Subletting | The Tenants' Voice
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sub letting tenant responsibilities

What is subletting

Subletting is when an existing tenant rents out a part of the whole property they rent to another person. That person is referred to as a subtenant and the original tenant is their immediate landlord, as opposed to the original owner of the property.

There may be times when you wish to let out a spare room in the property you are renting. Or perhaps you plan to go on holidays for a period of time and would prefer someone to live in your home and cover rent while you are gone.

If you wish to sublet all or part of your rented accommodation then you must check to see if your tenancy agreement permits this and seek permission from your landlord. If you sublet without permission then you are breaking the terms of your tenancy agreement and in some cases would be committing a criminal offence.

Subletting requires the landlord’s permission

The Housing Act 1988 states that the tenants with assured or periodic tenancies shall not, without the consent of the landlord:

(a) assign the tenancy (in whole or in part); or

(b) sub-let or part with possession of the whole or any part of the dwelling-house let on the tenancy.
If an existing tenant lets all or part of their home to someone else, known as a subtenant, then they must have the written permission from the landlord to do so, even if this is implied in the tenancy agreement.

Subletting vs lodging

If you live in a flat or house share, and one of your roommates moves out and you find a new tenant who will pay rent to the landlord or letting agent, this is not subletting. In this case you and the new tenant have the same rights and refer to the same landlord.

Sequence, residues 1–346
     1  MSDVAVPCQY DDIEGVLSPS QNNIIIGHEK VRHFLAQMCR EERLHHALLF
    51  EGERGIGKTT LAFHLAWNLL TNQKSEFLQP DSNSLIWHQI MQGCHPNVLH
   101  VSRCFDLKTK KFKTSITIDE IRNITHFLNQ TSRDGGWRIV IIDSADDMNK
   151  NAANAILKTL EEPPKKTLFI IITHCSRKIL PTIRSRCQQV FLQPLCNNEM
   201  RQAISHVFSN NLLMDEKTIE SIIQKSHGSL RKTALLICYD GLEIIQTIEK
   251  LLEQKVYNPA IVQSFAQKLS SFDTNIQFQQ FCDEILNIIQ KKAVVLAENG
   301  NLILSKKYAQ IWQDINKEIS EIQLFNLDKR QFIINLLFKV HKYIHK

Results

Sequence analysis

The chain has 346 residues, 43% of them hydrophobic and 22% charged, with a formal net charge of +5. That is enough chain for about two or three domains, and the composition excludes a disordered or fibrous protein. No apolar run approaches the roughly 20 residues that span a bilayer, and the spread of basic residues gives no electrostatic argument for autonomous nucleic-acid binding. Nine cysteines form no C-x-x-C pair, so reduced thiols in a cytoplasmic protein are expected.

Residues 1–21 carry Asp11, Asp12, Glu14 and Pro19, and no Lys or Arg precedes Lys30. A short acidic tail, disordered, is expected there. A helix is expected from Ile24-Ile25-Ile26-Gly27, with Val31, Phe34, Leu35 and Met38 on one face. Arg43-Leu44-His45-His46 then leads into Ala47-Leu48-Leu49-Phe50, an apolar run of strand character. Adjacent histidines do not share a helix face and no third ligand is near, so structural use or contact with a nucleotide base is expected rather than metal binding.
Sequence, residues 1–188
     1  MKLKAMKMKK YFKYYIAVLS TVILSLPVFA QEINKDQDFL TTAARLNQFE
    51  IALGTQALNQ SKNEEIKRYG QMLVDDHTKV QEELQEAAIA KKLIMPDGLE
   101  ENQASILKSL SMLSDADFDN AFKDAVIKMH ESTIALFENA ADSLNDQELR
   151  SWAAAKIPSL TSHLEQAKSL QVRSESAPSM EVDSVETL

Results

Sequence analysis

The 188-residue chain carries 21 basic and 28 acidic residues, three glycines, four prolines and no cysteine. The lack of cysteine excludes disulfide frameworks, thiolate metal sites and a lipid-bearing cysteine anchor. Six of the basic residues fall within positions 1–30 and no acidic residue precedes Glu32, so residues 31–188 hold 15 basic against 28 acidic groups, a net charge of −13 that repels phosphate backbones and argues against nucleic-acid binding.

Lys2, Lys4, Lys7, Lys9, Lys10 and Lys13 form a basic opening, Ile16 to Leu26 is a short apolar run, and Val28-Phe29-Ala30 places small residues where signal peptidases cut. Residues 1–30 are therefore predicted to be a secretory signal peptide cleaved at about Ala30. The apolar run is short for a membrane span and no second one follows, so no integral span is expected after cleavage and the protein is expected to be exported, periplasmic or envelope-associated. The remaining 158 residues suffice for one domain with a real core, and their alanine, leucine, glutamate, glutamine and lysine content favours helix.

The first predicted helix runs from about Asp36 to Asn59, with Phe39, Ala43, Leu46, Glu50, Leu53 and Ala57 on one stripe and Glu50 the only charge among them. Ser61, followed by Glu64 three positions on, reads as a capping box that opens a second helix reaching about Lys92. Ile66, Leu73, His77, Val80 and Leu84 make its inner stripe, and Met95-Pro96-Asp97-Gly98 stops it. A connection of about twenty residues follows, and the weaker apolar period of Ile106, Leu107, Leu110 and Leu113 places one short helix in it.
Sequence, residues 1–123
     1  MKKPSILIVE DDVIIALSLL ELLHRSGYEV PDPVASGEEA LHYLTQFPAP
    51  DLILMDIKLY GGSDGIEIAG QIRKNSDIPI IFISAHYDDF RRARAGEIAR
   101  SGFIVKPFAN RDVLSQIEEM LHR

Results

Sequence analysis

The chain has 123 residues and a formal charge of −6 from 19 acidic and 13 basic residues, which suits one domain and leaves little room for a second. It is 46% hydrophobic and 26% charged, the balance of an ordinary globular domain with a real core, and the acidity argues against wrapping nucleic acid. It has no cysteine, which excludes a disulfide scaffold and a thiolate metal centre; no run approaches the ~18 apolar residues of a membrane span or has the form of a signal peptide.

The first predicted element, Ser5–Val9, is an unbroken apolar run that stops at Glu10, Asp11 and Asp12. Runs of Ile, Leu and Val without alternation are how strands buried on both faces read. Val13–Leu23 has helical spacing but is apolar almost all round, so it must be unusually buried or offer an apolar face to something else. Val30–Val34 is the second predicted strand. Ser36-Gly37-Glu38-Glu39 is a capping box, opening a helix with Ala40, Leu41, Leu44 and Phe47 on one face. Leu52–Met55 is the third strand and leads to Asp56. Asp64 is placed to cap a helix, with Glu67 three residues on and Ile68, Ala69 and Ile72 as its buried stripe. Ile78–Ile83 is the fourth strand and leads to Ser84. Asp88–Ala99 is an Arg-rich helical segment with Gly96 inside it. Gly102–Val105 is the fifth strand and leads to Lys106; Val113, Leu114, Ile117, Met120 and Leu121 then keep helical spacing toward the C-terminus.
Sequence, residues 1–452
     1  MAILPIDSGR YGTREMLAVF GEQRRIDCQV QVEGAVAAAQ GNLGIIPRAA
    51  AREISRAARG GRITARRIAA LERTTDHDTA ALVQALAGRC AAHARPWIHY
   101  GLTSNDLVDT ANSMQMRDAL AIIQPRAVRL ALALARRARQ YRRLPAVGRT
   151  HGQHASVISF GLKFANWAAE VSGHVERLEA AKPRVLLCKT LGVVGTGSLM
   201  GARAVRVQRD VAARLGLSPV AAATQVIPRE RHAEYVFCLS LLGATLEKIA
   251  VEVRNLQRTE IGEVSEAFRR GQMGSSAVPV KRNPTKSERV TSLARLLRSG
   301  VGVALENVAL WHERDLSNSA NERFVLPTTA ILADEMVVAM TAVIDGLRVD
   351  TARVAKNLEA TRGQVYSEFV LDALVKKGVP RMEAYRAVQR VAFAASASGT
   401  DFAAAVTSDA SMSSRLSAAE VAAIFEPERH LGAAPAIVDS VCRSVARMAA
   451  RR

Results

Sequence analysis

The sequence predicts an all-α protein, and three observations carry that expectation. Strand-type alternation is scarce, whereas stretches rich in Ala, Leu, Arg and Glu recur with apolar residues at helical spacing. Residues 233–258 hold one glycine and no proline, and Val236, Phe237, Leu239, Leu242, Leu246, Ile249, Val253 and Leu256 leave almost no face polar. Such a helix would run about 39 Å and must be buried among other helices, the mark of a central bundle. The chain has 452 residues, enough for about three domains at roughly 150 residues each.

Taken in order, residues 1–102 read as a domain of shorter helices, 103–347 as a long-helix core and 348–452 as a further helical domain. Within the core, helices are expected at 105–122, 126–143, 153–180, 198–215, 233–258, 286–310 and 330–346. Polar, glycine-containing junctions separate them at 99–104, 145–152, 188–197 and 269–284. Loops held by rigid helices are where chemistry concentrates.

If a family member or friend is staying with you on a temporary basis and they do not pay rent, this is not considered subletting either – merely having guests.

However, if you are renting a property and let someone move in with exclusive use of one or more rooms and they are paying rent to you, then this is classed as subletting. If you move out for part of your tenancy and someone else moves in and pays you rent, this is also sub-letting. In this case, you will be referred to as the subtenants immediate landlord and will have similar responsibilities as your landlord had before that.

Rights and responsibilities when subletting

Depending on how much of the property is sublet, there are a few different types of tenancies.

A subtenant who rents the entire property will likely use an Assured Shorthold tenancy. The subtenant will have the same rights as the original tenant, regarding the use of the property.

But if the original tenancy ends, or the tenant is evicted, it’s likely that the subtenant will get evicted too.

A subtenant who only rents part of the whole property, e.g. the upper floor of a two story house will rent under an excluded tenancy. Subtenants under an excluded tenancy has exclusive possession of that part of the property.

Subtenants have exclusive use of the accommodation that is let to them. For example, if you decide to sublet all or part of your rented home, you are giving up possession of all or part of it, and you could only enter it with their permission.

If they don’t have an exclusive possession of that part of the property, then they are likely not subtenants, but lodgers instead.

Subletting always needs to follow the rules of the original tenancy. For example, if the original tenant has a residential tenancy, they may not conduct business from that property. The same way, they cannot sublet the property as a business establishment or for business purposes.

Other aspects, like repairs, maintenance, insurance, etc. are regarded the same way as a normal tenancy.